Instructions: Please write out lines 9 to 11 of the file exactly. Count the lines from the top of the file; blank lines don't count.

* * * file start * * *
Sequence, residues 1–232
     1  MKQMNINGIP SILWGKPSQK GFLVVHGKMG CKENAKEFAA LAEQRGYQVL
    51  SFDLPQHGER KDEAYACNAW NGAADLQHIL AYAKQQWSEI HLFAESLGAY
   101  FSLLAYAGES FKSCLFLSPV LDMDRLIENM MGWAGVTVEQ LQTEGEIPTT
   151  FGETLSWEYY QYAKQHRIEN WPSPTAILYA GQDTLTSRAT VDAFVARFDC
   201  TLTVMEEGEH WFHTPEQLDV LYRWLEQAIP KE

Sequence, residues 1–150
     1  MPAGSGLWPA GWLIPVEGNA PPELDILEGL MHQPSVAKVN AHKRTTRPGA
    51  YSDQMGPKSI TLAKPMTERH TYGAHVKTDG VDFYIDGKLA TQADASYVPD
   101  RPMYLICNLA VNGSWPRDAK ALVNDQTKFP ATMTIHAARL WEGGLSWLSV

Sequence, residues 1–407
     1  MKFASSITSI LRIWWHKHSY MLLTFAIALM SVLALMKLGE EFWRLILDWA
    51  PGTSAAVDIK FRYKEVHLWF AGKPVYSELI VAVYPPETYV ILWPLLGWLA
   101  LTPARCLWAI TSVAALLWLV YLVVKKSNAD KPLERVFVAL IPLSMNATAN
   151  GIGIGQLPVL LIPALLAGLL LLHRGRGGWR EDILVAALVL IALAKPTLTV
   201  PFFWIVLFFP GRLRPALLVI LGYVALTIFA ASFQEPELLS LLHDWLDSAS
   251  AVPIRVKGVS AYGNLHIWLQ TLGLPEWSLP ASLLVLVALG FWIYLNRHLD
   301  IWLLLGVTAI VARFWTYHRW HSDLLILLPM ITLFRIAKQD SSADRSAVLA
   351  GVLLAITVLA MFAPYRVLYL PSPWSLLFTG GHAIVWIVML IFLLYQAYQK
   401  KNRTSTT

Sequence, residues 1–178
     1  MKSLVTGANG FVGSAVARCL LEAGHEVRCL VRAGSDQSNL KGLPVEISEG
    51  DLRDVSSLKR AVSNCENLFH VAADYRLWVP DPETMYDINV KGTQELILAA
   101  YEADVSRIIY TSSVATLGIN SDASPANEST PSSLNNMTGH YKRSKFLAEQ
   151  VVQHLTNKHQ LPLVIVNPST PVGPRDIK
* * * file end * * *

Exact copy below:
    51  YSDQMGPKSI TLAKPMTERH TYGAHVKTDG VDFYIDGKLA TQADASYVPD
   101  RPMYLICNLA VNGSWPRDAK ALVNDQTKFP ATMTIHAARL WEGGLSWLSV

Sequence, residues 1–407